Raytheon, Northrop Grumman to enhance power amplifiers for electronic warfare (EW), RF and microwave uses

Oct. 12, 2023
Raytheon and Northrop Grumman engineers will try to reduce thermal resistance within the device while maintaining good channel current transport.

ARLINGTON, Va. – U.S. military researchers are looking to two prime U.S. defense contractors to limit waste heat in gallium nitride (GaN)-based power amplifiers that can limit the performance and lifetimes of military radar, electronic warfare (EW), communications, and other RF and microwave systems.

Officials of the U.S. Defense Advanced Research Projects Agency (DARPA) awarded contracts last month to Raytheon Technologies Corp. (RTX) and to Northrop Grumman Corp for the Technologies for Heat Removal in Electronics at the Device Scale (THREADS) program.

THREADS seeks to develop RF and microwave microelectronics technologies that will overcome the thermal limitations that can prevent transistors from operating reliably at RF output power density close to their fundamental electronic limits.

Raytheon won a $14.9 million THREADS contract on 29 Sept. 2023, and Northrop Grumman won a $14.2 million THREADS contract on 13 Sept. 2023.

Related: Wanted: high-power RF and microwave amplifiers for electronics-killing electronic warfare (EW) systems

The performance of radar and communication systems depends on the signal-to-noise ratio achievable at the receiver, which is proportional to the RF output power of the transmitter. The size of RF apertures in military systems often are limited, so the only way to increase range is by increasing the RF output power of the transmitter power amplifier.

The RF output power densities of today’s military RF transmitters substantially are thermally limited to below their theoretical electronic limits. Wide-bandgap transistors like gallium nitride (GaN) were developed to improve output power in power amplifiers by as much as five times compared to older gallium arsenide (GaAs) transistor technology.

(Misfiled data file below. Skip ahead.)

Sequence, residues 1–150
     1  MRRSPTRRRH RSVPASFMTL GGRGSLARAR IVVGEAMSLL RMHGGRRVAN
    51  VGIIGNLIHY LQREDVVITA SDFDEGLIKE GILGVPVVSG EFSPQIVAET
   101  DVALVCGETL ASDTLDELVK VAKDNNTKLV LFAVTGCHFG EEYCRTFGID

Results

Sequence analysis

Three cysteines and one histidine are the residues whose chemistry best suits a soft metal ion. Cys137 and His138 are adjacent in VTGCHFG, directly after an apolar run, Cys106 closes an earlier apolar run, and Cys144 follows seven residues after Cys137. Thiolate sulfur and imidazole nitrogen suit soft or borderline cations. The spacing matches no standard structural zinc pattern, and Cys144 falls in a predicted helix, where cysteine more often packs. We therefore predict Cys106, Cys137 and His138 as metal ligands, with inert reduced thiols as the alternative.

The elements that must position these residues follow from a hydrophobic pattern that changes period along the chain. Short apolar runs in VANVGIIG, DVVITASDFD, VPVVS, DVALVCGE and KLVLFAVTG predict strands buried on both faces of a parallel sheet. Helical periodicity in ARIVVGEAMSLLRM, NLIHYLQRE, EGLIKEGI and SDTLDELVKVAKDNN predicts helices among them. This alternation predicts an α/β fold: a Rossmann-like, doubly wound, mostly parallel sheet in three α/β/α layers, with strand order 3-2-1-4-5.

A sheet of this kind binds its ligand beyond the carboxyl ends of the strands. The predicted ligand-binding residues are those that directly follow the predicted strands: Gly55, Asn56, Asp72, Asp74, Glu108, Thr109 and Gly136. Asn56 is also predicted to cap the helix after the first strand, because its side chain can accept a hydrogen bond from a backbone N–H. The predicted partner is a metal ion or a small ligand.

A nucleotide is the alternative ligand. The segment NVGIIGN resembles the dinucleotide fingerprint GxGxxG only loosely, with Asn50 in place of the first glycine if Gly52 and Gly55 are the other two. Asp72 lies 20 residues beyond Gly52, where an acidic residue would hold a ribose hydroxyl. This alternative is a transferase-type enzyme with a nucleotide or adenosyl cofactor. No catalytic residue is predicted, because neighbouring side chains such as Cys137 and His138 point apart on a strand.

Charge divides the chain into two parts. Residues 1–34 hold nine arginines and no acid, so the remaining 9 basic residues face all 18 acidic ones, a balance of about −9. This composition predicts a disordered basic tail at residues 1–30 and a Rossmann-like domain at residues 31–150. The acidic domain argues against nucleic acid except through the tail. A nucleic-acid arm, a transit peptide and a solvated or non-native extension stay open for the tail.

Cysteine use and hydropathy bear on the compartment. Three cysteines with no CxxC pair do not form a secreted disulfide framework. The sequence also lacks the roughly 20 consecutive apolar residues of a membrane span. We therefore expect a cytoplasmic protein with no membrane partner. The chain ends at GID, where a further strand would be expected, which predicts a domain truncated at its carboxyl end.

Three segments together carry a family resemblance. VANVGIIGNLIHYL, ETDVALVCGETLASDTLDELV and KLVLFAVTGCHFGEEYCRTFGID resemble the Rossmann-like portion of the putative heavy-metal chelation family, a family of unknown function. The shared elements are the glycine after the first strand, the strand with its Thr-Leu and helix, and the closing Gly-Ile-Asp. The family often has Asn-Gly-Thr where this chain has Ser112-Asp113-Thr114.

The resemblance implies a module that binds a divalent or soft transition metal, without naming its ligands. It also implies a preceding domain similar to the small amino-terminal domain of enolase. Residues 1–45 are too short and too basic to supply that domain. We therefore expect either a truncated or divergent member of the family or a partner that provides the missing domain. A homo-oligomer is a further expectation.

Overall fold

Yet limiting increases in sustained GaN power output continues to be excessive waste heat in the transistor channel layer, which causes elevated channel temperatures and device damage.

Related: DARPA taps CPI for amplifiers for high-power microwaves for future applications of electromagnetic warfare

Achieving the transistor output power near the GaN fundamental electronic limit while maintaining a channel temperature below the nominal maximum temperature of 225 degrees Celsius requires a significant reduction in the thermal resistance of the transistor, while preserving electronic properties of wide-bandgap semiconductors.

In the THREADS program, Raytheon and Northrop Grumman will focus on achieving high power density by reducing transistor thermal resistance in two ways: reducing thermal resistance within the device while maintaining good channel current transport properties; and moving heat away from high-power transistors more efficiently without degrading RF performance.

The companies will demonstrate efficient X-band transistors and power amplifiers. an eight-times reduction in transistor thermal resistance; and reliable operation with a mean-time-to-failure of 106 hours at 225 C channel temperature.

Related: Navy avionics experts choose high-power amplifier units from North Star Scientific for E-2D carrier aircraft

Raytheon and Northrop Grumman engineers will try to reduce thermal resistance within the device while maintaining good channel current transport properties by reducing interfacial and thin film thermal resistance within the device's epitaxial layer stack. THREADS also will develop new ways to spread waste heat and reduce transistor thermal resistance to maintain channel temperature of 225 C.

The companies will incorporate electro-thermal co-design, modeling, and simulation to guide device optimization. THREADS is a four-year program.

For more information contact Raytheon online at www.rtx.com/raytheon/what-we-do/advanced-technology/microelectronics, Northrop Grumman at www.northropgrumman.com/what-we-do/microelectronics-space-park, or DARPA at www.darpa.mil.

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